Healthcare must continuously improve

Prior to studying medicine, I trained and worked as a mechanical engineer. I was responsible for manufacturing processes and used many tools to guarantee efficiency and quality. I assumed that this structured world of protocols and measurement was similar in all high risk businesses. After I started my medical training, it quickly became apparent that healthcare was a very different industry.

As an engineer I learned the theories of Lean, statistical process control and theory of constraints. But more importantly, I applied these every day to solve problems related to process design, quality control, scheduling, supply and demand, and finance. I worked in multi-disciplinary teams and together we designed and ran small experiments in our manufacturing processes to ensure that our products were continually improving.

In medicine, I often feel much more alone. We are taught to take individual responsibility for our decisions, despite knowing that we will often be unable to predict the effects of these decisions. I discuss issues with my physician colleagues, but rarely do I work with multi-disciplinary groups that include nurses or managers.

I was taught that the best way to prevent errors was to work hard, to be knowledgeable and to follow the standards defined by generations of physicians before me. Patients would die, that was inevitable, but I would be protected from the consequences unless I had egregiously deviated from these norms. Residency would be tough, but if I succeeded I would earn entitlement.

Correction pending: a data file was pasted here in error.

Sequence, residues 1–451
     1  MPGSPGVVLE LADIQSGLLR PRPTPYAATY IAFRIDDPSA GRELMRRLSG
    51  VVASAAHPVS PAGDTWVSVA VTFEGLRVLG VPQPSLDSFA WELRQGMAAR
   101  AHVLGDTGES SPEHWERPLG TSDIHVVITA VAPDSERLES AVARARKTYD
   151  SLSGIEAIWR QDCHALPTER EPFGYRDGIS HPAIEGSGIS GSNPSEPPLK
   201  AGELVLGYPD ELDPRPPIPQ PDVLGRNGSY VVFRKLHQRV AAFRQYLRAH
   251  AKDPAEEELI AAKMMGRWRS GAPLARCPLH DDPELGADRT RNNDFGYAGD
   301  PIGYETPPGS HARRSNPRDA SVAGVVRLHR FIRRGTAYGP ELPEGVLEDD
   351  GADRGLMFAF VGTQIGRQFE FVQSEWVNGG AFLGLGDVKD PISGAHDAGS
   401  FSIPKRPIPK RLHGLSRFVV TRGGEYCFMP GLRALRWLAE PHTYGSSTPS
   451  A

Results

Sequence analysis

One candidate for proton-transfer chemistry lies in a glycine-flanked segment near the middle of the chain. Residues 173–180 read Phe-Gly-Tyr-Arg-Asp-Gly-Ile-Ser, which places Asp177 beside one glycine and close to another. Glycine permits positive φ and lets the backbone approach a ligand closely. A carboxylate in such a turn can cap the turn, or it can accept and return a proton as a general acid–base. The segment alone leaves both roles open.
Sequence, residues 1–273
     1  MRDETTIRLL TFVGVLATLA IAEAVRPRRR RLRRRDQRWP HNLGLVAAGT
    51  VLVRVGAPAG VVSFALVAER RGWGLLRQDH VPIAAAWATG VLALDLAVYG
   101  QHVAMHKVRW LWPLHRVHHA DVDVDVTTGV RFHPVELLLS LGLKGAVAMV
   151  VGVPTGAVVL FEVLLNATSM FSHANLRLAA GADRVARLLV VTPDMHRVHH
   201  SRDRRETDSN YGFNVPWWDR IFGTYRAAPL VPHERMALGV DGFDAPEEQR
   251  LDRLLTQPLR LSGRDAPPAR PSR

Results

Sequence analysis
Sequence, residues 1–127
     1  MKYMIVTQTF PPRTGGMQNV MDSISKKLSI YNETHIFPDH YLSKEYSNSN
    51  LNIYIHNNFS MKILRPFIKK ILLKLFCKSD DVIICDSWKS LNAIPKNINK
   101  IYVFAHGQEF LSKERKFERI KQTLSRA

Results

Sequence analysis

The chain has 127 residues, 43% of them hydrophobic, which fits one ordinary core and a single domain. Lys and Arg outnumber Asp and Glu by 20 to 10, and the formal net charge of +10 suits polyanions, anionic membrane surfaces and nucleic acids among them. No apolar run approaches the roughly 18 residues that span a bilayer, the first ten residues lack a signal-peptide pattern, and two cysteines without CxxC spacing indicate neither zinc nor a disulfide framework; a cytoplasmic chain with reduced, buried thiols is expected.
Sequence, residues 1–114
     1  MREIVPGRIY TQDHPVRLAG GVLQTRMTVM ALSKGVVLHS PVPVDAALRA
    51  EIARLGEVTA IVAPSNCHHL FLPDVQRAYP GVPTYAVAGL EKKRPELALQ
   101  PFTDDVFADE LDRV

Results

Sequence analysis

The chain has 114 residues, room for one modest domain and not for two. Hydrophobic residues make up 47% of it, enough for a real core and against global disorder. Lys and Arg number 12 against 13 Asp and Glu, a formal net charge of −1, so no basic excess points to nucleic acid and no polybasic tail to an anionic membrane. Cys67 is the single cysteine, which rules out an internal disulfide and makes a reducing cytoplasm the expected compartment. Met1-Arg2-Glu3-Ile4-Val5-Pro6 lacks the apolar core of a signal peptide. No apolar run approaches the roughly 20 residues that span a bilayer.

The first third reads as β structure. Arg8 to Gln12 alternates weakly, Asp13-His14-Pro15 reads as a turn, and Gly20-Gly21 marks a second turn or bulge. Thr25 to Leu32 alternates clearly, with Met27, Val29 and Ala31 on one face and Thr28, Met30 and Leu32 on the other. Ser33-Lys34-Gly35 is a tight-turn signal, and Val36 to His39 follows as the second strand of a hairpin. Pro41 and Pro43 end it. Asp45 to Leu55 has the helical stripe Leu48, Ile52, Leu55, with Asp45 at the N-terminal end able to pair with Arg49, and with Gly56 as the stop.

Evidence-based medicine is the current philosophy, enabling us to make decisions based on the results of clinical trials. But large numbers of patients and long follow-up periods are required to identify clinically significant outcomes. The results of these studies are often out of date by the time that they’re published, and the expense of these trials has put us at the mercy of the large corporate interests who can afford to fund them. Furthermore these trials rarely advise us on how to do what we need to do. Evidence-based medicine in it’s current form is not sufficient to address the daily needs of clinicians and patients.

For me the most striking anomaly is that despite all that we have learned, we still don’t routinely measure our daily work, we can’t predict when our processes are out of control, and we are not comfortable with experimentation in the way that we deliver our care. We need less entitlement and more measurable outcomes.

Many people have been shouting for the need for efficiency and quality, and their voices are being heard. We have come a long way from the time that I started my medical training. We accept that measuring patient outcomes is necessary and that we need to save money. Lean is no longer viewed as synonymous with car factories and inappropriate for healthcare. There are hospitals that have used Lean concepts to improve the care that they deliver.

However, there remains a long journey ahead of us. We need to apply the tools that we have available to achieve higher quality and financial sustainability. But it is my hope that we can do much more than this. Healthcare is a complex industry. Some solutions have been developed that will be adopted by other industries to address complex issues that they have. It is my hope that one day pilots will be touring hospitals to see how we simplify complexity, rather than the other way around.